Pusat v. Canada (Citizenship and Immigration), 2011 FC 428
Judge: Justice Mosley
Date heard: January 24, 2011
Date decided: April 7, 2011
Counsel for Pusat: Lorne Waldman
Counsel for the Minister: John Loncar
The applicant was an Alevi Kurd who applied oversees as a member of the family class. His wife was a Canadian permanent resident who had been granted refugee status some years before and was attempting to sponsor her husband (paras. 1-4).
The applicant was interviewed at the Canadian embassy in Ankara in September 2007:
The interview focused on whether he qualified as a member of the family class, but did briefly discuss his admissibility. The applicant explained that though he supports some of the PKK’s goals, he does not support the PKK because he did not believe in violence. (para. 4)
The application was dismissed on the basis that the applicant was inadmissible as a member of the PKK. The applicant brought a judicial review (IMM-5482-09), which was settled when the Minister agreed to re-determine the application (para. 5).
Another interview was scheduled at the Ankara embassy for April 2010. The applicant’s counsel in Canada repeatedly requested disclosure from the Minister, to no avail; however, the CAIPS notes contained a notation that the applicant was advised a day before the interview and told that the interview was related to inadmissibility (para. 6).
At the second interview, the applicant admitted to being involved with PKK advocacy activities in Switzerland (and that he had lived there), but stated that any involvement with the PKK was due to social pressure. He reiterated his abhorrence of violence and his non-membership, and that he had not been involved with the PKK in Turkey. The applicant’s counsel was not allowed to make submissions following the interview, and the decision was made the next day (paras. 7-8).
The Certified Tribunal Record (CTR) contained redacted information, and the Respondent filed a motion under s. 87 to maintain the confidentiality of that information. On the basis that neither the Court nor the Respondent would seek to rely on the redacted information, the redactions were not challenged (para. 9).
The FC decision was made on the basis of the breach of procedural fairness, and none of the other grounds alleged (para. 12).
The breaches of procedural fairness cited by the applicant were the failure to disclose the basis of the allegation of membership prior to the interview, and the failure to give an opportunity to respond with submissions after the interview (paras. 15-16). The judge rejected the Minister’s submission that the phone call prior to the interview, in combination with the knowledge arising from the previous case, comprised sufficient disclosure:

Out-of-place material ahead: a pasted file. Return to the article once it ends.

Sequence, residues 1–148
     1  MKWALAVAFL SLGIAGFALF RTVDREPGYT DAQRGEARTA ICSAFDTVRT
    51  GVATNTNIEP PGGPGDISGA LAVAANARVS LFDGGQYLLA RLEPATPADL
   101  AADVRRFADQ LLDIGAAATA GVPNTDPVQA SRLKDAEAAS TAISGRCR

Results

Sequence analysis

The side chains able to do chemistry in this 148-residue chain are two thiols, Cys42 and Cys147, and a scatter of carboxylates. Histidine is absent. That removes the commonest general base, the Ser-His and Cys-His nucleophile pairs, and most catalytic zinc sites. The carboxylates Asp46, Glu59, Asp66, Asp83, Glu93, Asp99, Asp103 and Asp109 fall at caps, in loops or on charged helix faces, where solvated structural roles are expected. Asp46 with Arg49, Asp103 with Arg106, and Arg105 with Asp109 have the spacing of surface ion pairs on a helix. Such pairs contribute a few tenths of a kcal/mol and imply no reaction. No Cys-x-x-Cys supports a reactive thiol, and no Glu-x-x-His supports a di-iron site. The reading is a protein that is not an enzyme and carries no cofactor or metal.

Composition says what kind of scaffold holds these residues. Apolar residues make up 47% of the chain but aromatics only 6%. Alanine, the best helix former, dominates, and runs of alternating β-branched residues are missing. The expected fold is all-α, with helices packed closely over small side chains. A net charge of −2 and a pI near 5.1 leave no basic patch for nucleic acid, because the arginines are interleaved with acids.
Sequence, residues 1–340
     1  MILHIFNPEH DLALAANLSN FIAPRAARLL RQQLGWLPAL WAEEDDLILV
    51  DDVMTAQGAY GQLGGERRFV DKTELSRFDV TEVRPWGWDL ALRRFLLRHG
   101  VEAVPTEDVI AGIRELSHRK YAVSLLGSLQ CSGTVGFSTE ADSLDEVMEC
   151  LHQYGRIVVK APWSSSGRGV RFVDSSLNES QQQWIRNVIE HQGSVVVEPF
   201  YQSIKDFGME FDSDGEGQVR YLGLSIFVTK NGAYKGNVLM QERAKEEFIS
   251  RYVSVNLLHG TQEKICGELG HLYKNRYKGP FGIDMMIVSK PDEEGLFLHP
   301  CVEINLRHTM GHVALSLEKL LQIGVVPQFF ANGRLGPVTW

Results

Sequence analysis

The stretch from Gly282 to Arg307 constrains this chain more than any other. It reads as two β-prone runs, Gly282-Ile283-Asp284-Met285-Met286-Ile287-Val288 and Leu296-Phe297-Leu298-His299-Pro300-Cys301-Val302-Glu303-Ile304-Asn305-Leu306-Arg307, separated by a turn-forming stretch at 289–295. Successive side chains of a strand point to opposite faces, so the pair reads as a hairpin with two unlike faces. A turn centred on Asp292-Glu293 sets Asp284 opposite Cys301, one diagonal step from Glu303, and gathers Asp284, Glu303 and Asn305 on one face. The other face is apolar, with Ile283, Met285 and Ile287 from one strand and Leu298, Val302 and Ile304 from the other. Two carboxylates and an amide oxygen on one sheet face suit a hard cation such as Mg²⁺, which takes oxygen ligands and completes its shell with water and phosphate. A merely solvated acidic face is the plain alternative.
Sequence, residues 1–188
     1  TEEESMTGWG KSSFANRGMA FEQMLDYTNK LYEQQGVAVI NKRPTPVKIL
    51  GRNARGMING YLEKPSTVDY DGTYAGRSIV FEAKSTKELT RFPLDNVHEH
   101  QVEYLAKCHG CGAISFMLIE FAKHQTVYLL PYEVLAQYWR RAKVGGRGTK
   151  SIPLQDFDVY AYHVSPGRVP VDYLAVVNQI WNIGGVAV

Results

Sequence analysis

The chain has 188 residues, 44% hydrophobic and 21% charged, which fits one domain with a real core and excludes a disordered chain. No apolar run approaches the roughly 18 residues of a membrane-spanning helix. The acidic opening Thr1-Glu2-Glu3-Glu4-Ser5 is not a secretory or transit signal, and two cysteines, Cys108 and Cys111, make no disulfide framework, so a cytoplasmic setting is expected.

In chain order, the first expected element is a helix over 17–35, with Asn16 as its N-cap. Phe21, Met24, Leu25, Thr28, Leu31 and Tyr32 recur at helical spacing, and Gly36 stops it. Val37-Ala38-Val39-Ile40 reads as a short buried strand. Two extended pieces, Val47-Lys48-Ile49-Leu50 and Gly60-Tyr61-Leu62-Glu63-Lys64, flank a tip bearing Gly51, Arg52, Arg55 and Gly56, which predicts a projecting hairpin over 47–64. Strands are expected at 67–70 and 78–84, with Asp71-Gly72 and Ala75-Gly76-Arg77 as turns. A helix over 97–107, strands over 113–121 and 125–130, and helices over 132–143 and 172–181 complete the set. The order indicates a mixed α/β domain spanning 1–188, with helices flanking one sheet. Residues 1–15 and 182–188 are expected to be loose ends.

The record is clear that the respondent did not reply to the communications from counsel and did not provide any meaningful disclosure before the interview, notwithstanding that the application was sent back on consent to be reconsidered for that reason. The respondent' s attempt to rely on the CAIPS notes as evidence that he was informed of the purpose of the interview by a telephone call from someone, presumably an administrative assistant at the Embassy, two days prior to the event, is misplaced. There is no affidavit evidence from the assistant to verify the facts stated in the CAIPS notes. (para. 19)
While acknowledging that the content of procedural fairness must be assessed on a case-by-case basis, Justice Mosley found that there were documents that had clearly influenced the decision, contained in the CTR, which ought to have been disclosed to the applicant prior to the interview.
Citing Mekonen v. Canada (Minister of Citizenship and Immigration), 2007 FC 1133 (which cites Haghighi v. Canada (Minister of Citizenship and Immigration),  4 F.C. 407 (C.A.), and Canada (Minister of Citizenship and Immigration) v. Bhagwandass, 2001 FCA 49), Justice Mosley found that this was a case where procedural fairness required the evidence to be disclosed and the applicant given a meaningful opportunity to respond to it (paras. 21-32).
Justice Mosley also rejected the Minister’s submission that, having found a breach of procedural fairness, the court ought not to grant a remedy on the doctrine of “no useful purpose” as expressed in Mobil Oil Canada Ltd. v. Canada Newfoundland Offshore Petroleum Board,  1 SCR 202 (para. 33). He found that the question was still live and that the inadmissibility decision was not inevitable (para. 34).